Why the U.N. Disregarded West Papua’s Latest Push for Independence From Indonesia

West Papua pro-independence supporters shout slogans during a rally, Jakarta, Indonesia, Aug. 15, 2017 (AP photo by Tatan Syuflana).
West Papua pro-independence supporters shout slogans during a rally, Jakarta, Indonesia, Aug. 15, 2017 (AP photo by Tatan Syuflana).
SUBSCRIBE NOW
Free Newsletter

In late September, an exiled political dissident and pro-independence leader from the Indonesian territory commonly known as West Papua submitted a petition to the United Nations calling, in part, for a vote on West Papua’s independence from Indonesia. The petition was reportedly signed by a large majority of native Papuan people before it was smuggled out of the territory. But the U.N. refused to accept it, in the latest setback for an independence movement that goes back decades. In an email interview, Greg Earl, a columnist for the Lowy Institute’s The Interpreter and a member of Australia’s ASEAN Council, discusses […]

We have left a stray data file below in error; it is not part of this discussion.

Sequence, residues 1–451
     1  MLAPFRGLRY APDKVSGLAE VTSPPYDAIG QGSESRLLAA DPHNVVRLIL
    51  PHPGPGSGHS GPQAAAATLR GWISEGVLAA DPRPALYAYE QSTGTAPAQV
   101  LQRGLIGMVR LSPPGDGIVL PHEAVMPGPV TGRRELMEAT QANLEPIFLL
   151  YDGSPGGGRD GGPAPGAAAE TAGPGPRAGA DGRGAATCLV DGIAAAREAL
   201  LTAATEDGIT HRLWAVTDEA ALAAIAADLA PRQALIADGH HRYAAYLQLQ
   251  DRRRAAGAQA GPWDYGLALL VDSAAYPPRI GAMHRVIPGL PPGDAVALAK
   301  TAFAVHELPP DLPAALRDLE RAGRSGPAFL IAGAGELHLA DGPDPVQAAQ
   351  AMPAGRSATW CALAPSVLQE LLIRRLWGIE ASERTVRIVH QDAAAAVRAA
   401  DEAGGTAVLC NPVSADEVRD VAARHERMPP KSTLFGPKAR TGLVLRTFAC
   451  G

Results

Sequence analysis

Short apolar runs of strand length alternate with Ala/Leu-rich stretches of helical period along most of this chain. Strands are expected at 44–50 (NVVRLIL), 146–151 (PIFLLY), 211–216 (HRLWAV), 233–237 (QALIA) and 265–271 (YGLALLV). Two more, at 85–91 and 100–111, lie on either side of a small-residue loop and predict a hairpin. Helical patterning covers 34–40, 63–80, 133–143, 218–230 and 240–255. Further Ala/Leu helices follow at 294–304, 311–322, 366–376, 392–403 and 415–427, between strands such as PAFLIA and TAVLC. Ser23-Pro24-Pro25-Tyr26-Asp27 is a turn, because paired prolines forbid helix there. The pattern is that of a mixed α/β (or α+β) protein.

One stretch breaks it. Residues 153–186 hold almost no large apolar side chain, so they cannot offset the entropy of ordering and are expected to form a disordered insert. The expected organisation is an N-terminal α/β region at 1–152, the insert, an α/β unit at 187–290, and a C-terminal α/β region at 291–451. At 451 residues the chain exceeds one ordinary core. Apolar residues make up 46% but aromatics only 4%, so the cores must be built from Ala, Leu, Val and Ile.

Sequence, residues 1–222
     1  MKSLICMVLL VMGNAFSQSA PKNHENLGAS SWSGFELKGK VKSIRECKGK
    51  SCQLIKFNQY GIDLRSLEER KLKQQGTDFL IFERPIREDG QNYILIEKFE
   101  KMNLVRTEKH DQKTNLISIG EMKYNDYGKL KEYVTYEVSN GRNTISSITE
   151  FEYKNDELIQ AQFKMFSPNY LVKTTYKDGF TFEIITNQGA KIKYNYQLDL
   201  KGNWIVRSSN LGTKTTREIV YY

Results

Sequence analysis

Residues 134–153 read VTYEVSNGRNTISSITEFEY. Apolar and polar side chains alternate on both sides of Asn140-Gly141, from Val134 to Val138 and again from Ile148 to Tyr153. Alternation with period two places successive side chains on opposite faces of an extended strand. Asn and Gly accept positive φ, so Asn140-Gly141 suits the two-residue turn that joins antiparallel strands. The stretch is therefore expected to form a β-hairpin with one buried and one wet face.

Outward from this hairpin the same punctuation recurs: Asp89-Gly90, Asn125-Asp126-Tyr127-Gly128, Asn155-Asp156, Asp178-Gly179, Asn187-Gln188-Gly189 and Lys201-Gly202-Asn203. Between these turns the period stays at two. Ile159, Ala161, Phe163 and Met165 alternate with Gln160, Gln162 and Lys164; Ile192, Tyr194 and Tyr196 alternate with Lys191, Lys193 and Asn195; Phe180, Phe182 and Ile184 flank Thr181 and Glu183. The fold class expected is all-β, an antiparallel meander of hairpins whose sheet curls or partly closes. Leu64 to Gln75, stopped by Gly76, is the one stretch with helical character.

TO READ MORE

Enter your email to get instant access to this article and to receive our free email newsletter:

Or, Subscribe now to get full access.

Already a subscriber? Log in here .

What you’ll get with an All-Access subscription to World Politics Review:

A WPR subscription is like no other resource — it’s like having your own personal researcher and analyst for news and events around the globe. Become a member now, and you’ll get:

  • Immediate and instant access to the full searchable library of 15,000+ articles
  • Daily articles with original analysis, written by leading topic experts, delivered to you every weekday
  • Daily links to must-read news, analysis, and opinion from top sources around the globe, curated by our keen-eyed team of editors
  • Weekly in-depth reports, including features on important countries and issues.
  • Your choice of weekly region-specific newsletters, delivered to your inbox.
  • Smartphone- and tablet-friendly website.

And all of this is available to you — right now for just $1 for the first 3 months.

More World Politics Review